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Boundaries in Psychotherapy: Ethical and Clinical Explorations / Edition 1

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Editorial Reviews

Doody's Review Service
Reviewer: Gary B Kaniuk, Psy.D.(Cermak Health Services)
Description: This book discusses the nature of boundaries in psychotherapy and helps readers to understand the decision-making process. The author deals with many of the difficult issues including dual relationships, transference, billing and bartering, therapist self-disclosure, touch in therapy, and gifts.
Purpose: According to the author, although there have been articles and books published in this area, "there still seemed to be a vacuum — a need for a text that would include a flexible, context-based, and comprehensive look at various boundary issues, including nonsexual touch, self-disclosure, gifts, and home visits. My hope is to fill the vacuum, to satisfy the need, and, in one slim volume, to provide a broader view of therapeutic boundaries in all their diversity."
Audience: The intended audience includes clinicians, trainers, supervisors, instructors, students, ethicists, licensing boards, administrators, and attorneys. The author is a clinical psychologist and forensics and ethics consultant, as well as the director of the Zur Institute, which offers online education for clinicians.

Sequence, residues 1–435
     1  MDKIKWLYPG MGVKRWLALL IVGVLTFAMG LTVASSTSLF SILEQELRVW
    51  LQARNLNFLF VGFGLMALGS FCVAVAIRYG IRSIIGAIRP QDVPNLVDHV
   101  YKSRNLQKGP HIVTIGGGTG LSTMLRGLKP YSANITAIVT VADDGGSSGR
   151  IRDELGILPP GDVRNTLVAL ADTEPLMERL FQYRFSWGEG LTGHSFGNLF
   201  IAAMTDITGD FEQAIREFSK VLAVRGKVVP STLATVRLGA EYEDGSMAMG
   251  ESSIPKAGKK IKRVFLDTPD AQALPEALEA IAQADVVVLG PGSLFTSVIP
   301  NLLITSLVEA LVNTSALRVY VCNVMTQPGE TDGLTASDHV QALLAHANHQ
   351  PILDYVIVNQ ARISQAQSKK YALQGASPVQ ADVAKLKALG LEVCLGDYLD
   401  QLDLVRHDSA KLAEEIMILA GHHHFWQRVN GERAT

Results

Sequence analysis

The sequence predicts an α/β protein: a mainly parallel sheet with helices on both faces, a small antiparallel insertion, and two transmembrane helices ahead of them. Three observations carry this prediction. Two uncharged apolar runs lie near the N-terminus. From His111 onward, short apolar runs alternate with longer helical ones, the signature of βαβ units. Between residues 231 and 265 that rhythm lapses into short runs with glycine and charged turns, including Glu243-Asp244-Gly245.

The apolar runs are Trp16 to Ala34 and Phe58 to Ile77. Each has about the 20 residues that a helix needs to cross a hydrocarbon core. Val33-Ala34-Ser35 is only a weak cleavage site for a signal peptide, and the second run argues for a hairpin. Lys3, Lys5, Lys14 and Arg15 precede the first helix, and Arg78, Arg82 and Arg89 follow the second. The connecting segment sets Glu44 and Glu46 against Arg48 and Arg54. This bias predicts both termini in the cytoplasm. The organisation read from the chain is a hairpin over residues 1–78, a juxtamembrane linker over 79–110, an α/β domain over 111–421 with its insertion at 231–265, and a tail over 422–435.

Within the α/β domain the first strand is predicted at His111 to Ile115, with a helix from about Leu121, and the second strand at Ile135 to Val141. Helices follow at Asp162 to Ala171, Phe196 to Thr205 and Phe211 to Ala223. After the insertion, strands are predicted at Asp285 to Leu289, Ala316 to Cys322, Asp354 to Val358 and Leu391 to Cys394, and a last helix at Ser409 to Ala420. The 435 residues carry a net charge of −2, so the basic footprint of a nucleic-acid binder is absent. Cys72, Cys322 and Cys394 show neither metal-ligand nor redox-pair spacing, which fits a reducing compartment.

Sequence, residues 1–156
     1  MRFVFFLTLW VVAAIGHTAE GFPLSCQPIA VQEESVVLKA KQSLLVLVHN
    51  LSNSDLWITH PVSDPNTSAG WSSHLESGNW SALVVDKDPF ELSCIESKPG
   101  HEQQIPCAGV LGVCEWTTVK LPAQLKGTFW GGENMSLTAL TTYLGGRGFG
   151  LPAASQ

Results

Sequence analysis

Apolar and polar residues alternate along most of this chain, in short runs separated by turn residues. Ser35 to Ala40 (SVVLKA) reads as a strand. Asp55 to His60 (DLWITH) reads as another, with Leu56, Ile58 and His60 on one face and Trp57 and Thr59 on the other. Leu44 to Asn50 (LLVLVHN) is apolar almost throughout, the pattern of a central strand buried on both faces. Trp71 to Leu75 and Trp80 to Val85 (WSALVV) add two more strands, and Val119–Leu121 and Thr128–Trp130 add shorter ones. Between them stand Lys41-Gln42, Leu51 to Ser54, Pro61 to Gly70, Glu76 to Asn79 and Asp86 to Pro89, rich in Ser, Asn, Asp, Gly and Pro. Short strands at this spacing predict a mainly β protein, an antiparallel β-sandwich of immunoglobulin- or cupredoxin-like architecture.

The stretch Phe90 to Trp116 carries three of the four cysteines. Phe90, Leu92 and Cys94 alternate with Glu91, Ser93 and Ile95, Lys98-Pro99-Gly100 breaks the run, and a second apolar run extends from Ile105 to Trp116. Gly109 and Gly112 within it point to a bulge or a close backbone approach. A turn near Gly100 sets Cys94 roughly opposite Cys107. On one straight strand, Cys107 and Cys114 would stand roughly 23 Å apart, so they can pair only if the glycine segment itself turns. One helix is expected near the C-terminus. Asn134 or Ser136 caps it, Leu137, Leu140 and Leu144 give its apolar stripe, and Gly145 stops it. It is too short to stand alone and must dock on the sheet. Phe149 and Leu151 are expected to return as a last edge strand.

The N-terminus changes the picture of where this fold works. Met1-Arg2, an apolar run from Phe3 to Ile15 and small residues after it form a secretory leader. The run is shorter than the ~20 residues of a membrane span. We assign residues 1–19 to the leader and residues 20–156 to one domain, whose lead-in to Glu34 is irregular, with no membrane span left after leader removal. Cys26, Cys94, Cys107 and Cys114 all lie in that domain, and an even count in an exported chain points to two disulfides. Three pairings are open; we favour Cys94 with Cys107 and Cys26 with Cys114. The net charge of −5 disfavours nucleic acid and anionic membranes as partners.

Features: This easy to read and practical book is especially useful for graduate students and novice professionals whose many questions about boundary issues are answered here. Wonderful case studies make the material come alive. Reading this book is like sitting with a mentor or a seasoned colleague, who is imparting sage advice and a decision-making framework. The book deals with many of the salient boundary issues that a therapist will probably encounter in a career. I found myself saying, "yeah, yeah, excellent answer, good rationale," as I read the explanations of some of the therapeutic dilemmas. Dr. Zur is a master communicator and refreshingly honest who maintains a high standard of ethical, legal, and clinical behavior toward the client.
Assessment: This book should be must reading for graduate students in clinical and counseling psychology, along with social workers. Psychologists and psychiatrists would also gain much wisdom from this book. The author challenges some long held beliefs and the book is very practical because it covers information that is sometimes either overlooked or superficially treated in graduate school. The ultimate goal is to provide high quality care for the client and adhering to the principles espoused in this book will help us do just that.